State by state variations of laws, compliance protocols, industry transparency, and general regulatory cultures can lend one the impression that keeping up with industry changes is a little bit like herding cats. So, what better way to wrangle some of the more localized insurance news than in a Regulatory Roundup?
On an ongoing basis, in no particular order or rank, we’re wrestling the various regulatory changes, compliance actions, and commissioner decisions into our roundup. As a disclaimer: There’s a lot going on at any given time in these here United States, so this isn’t a comprehensive picture of state-level action by any means. Think of it as, instead, a sample platter of regulation.
Also important to note: If we’re recapping interpretations of legal decisions, this is some armchair insurance speculation and not at all legal advice. If you need legal advice, get a lawyer.
Connecticut consolidates actuarial and data science divisions to address emerging tech
Big data, artificial intelligence (AI), and machine learning are still buzzwords in many state and private insurance offices around the country as a legacy industry grapples with how to best put its arms around emerging digital trends.
Many insurance carriers and agencies have been slow to adopt AI and big data changes, and insurance regulatory bodies tend to lag behind industry adaptations. This is often the nature of regulation, that it tends to be reactive to industry trends and the general zeitgeist.
Yet, Connecticut Insurance Commissioner Andrew Mais has placed his department at the forefront of the industry data revolution.
“As the insurance industry increasingly relies on rapid technological innovation within a complex data-driven environment, the regulators at the Connecticut Insurance Department (CID) will meet these challenges by restructuring and integrating all actuarial and data science functions within a single unit to better protect consumers,” said Andrew N. Mais, Commissioner, Connecticut Insurance Department (CID), in a news release.
Mais’s words came with the CID’s announcement that it has massively restructured its data science and actuarial teams to place data knowledge functions under the same umbrella, under the direction of Assistant Deputy Commissioner and Chief Actuary Wanchin Chou. The CID news release said it expects the new division to:
- Collaborate with the National Association of Insurance Commissioners and other national organizations to stay on the leading edge of reviewing company disaster and catastrophe models
- Put firm parameters on the ethical use of AI and ML capabilities
- Set the bar for what reserving and capital requirements can or should look like as more predictive economic data emerges
“I am truly excited about this new organization. Our experienced actuaries and data scientists will bring advanced analytics expertise in economic capital modeling (ECM), predictive modeling in artificial intelligence, machine learning, and catastrophe modeling to enhance the needed actuarial services in our current regulatory environment,” said Chou.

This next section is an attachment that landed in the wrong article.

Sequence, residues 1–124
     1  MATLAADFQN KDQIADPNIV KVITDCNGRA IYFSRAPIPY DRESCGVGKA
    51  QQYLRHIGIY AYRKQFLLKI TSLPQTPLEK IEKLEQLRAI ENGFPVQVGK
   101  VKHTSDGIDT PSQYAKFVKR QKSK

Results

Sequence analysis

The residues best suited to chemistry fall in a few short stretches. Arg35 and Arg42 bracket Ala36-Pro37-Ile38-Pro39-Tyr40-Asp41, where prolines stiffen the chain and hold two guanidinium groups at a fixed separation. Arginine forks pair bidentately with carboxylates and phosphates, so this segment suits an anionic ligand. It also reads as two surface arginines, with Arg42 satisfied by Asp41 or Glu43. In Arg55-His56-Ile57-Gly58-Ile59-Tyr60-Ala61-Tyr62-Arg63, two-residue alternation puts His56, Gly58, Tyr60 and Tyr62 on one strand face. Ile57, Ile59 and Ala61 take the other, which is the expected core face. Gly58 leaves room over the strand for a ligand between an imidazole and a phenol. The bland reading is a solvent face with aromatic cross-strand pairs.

Wyoming adopts NAIC annuity model
The Equality State has joined the throngs of states adopting the NAIC’s best interest model regulation for annuities.
As we’ve covered before on this blog, the model is, to some degree, the insurance industry’s answer to a Department of Labor rule on fiduciary standards regarding annuity sales. In effect, it sets a standard for annuity sales agents, ensuring they take basic precautions to ensure their advice to clients is in their clients’ best interests, while stopping short of a full fiduciary standard.
For insurance carriers that back annuity sales, the standard sets a few duties, as well, holding carriers responsible for:
- Verifying to some extent that the particular annuity is, in fact, suitable for a given client.
- Maintaining a supervisory system that accounts for training producers and housing documents to validate their recommendations.
- Taking corrective action when a producer is believed to be operating outside of the legal and ethical parameters of a best interest framework.
The NAIC model also clarifies that insurers aren’t responsible for ensuring producers meet their standards for products and contracts that are placed through other insurers. Along with the updated model, Wyoming will require new continuing education and training credits for those who intend to sell annuities.
Kaiser Family Foundation reveals data on states’ health insurance marketplace accessibility
The Kaiser Family Foundation has updated its analysis of the number of insurance carriers that service each state’s health insurance marketplace.
The data set covers 2014 to 2022, and provides interesting entry points into various state markets. Take, for instance, Arizona, which has had anywhere from 11 to only two insurance carriers supporting its market. Or Montana, which stoically has maintained three insurers for eight out of the reported nine years.